Olivia’s melancholic, puritanical household clashes head on with Sir Toby’s insatiable appetite for drunken debauchery. Orsino’s relentless pursuit of Olivia and Malvolio’s extraordinary transformation typify the madness of love in Illyria: land of make-believe and illusion.

Stepping into Curve’s studio is always like putting your hand in a lucky-dip. You never know what you’re going to get and nine times out of ten it’s something that no one else will have.

Monday night was no different. The performance stage was littered with wires and musical gadgetry’s and people wearing ordinary 21st century clothes.
It’s hard to describe the whole show because it was so frantic the 90-minutes went by in a flash but I’ll tell you some elements that stuck out.

I knew it was going to have a contemporary twist and I hoped the language would be so too but throughout they stayed true to Shakespeare.

Speaking to Ollie Dimsdale, who played Toby Belch, over coffee the next day, he said, “We’ve been touring with this one since the RSC asked us to perform at the Complete Works Festival in 2006. We often get people asking how much of Shakespeare’s own words do we use and they’re surprised when we say 99 per cent.”

He added, “Because the show comes across as if it was written yesterday people who know the story well are shocked to hear lines they never knew were in the original works.”

Ollie’s character, Toby, was staggering around the stage and up the studio steps to the audience and portrayed a very amusing drunk. But Ollie said, “Our aim is not just to show a jolly drunk but to show the darker more destructive side of being an alcoholic.”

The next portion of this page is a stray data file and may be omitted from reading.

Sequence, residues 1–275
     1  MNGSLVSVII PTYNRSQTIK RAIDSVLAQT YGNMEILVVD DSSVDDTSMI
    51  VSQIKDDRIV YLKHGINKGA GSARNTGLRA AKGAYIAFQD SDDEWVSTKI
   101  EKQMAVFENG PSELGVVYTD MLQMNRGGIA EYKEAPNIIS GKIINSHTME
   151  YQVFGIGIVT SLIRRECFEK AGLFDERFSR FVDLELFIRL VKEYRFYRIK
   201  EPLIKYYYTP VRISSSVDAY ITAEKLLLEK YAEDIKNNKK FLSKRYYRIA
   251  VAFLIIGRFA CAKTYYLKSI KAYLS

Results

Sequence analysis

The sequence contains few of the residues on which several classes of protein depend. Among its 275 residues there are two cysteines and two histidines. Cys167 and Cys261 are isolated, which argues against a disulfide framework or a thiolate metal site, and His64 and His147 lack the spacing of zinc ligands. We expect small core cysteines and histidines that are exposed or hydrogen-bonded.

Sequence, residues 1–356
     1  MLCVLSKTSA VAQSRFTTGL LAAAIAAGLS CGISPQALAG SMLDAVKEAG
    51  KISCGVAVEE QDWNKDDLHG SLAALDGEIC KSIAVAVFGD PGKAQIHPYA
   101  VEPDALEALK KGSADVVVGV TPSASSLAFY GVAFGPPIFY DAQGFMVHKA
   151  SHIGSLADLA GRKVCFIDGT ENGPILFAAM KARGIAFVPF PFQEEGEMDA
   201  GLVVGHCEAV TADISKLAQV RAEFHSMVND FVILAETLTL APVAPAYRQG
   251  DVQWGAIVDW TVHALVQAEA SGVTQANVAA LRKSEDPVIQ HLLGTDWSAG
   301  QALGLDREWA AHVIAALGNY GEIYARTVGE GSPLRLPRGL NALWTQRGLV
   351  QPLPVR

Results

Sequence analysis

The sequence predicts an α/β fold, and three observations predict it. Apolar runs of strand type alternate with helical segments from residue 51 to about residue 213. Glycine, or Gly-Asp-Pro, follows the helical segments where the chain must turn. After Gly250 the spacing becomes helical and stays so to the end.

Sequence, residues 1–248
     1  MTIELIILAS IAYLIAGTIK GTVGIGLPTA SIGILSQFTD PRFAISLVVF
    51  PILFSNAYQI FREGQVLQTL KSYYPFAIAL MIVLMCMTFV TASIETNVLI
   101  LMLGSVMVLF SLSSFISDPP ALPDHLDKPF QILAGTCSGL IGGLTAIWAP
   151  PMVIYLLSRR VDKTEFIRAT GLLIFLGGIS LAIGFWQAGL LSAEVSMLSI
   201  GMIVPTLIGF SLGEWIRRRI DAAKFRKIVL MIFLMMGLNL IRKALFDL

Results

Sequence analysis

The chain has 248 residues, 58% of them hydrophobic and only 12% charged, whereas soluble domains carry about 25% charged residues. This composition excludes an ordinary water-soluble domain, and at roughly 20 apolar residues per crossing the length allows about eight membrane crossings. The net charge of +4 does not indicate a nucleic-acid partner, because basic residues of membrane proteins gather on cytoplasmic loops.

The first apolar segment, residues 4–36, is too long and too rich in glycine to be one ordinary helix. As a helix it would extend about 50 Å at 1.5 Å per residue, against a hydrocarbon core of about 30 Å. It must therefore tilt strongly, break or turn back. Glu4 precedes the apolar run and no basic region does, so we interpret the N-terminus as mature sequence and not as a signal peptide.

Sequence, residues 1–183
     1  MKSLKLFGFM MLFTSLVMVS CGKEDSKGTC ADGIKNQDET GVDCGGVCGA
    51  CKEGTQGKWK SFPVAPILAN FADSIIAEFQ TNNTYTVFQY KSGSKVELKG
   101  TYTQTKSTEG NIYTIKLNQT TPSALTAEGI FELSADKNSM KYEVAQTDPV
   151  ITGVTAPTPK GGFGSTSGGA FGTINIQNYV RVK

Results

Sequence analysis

There was a lot of audience participation including youngsters being pulled up to wear velcro hats while the rest of the audience were given foam balls to throw at them. Whilst this was happening the characters were singing and performing and then a Dominoes pizza deliverer hands out pizzas to the audience.

Later on two men are plucked from the audience to join Toby in a Tequila drinking contest.

It was very raucous and outlandish. I was totally stunned by everything that was going on and the whole show gelled together for me because of the sounds and music.

Ferdy Roberts, who played Malvolio a character who was ridiculed and made out to be a mad man, said, “You often have the musicians hidden away and it’s almost like you’re saying their less important but to us they’re just as important as the actors.”

He added, “Ollie and I went to Guildhall School of Music together and you get the actors hanging around together and the musicians hanging around together. But we found that all so pertinacious. We used to go to the pub with the musicians who would be themselves and so down to earth it was great.”

Ferdy and Ollie, who are also the founders of Filter, plan to re-launch their eco-show Water and tour with a new show called Silence which will tackle the differences between British culture and Russia next year. I hope to see the company return to Curve to show us some more of their diversities.